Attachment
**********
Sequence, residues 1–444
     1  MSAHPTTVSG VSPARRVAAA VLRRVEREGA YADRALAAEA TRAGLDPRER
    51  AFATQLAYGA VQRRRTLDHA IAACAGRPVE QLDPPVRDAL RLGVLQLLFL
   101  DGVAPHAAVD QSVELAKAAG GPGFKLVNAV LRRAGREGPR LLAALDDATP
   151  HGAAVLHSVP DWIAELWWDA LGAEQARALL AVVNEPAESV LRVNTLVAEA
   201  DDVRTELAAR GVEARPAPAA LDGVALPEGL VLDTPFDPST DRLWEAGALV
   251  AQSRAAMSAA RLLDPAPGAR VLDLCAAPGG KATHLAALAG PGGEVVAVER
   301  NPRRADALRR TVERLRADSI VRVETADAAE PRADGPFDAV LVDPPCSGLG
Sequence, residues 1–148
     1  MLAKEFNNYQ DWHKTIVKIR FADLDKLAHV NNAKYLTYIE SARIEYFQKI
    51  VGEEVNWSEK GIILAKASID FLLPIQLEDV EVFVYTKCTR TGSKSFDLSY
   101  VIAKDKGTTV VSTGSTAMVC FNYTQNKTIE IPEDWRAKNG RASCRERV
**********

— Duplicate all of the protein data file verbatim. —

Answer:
Sequence, residues 1–444
     1  MSAHPTTVSG VSPARRVAAA VLRRVEREGA YADRALAAEA TRAGLDPRER
    51  AFATQLAYGA VQRRRTLDHA IAACAGRPVE QLDPPVRDAL RLGVLQLLFL
   101  DGVAPHAAVD QSVELAKAAG GPGFKLVNAV LRRAGREGPR LLAALDDATP
   151  HGAAVLHSVP DWIAELWWDA LGAEQARALL AVVNEPAESV LRVNTLVAEA
   201  DDVRTELAAR GVEARPAPAA LDGVALPEGL VLDTPFDPST DRLWEAGALV
   251  AQSRAAMSAA RLLDPAPGAR VLDLCAAPGG KATHLAALAG PGGEVVAVER
   301  NPRRADALRR TVERLRADSI VRVETADAAE PRADGPFDAV LVDPPCSGLG
Sequence, residues 1–148
     1  MLAKEFNNYQ DWHKTIVKIR FADLDKLAHV NNAKYLTYIE SARIEYFQKI
    51  VGEEVNWSEK GIILAKASID FLLPIQLEDV EVFVYTKCTR TGSKSFDLSY
   101  VIAKDKGTTV VSTGSTAMVC FNYTQNKTIE IPEDWRAKNG RASCRERV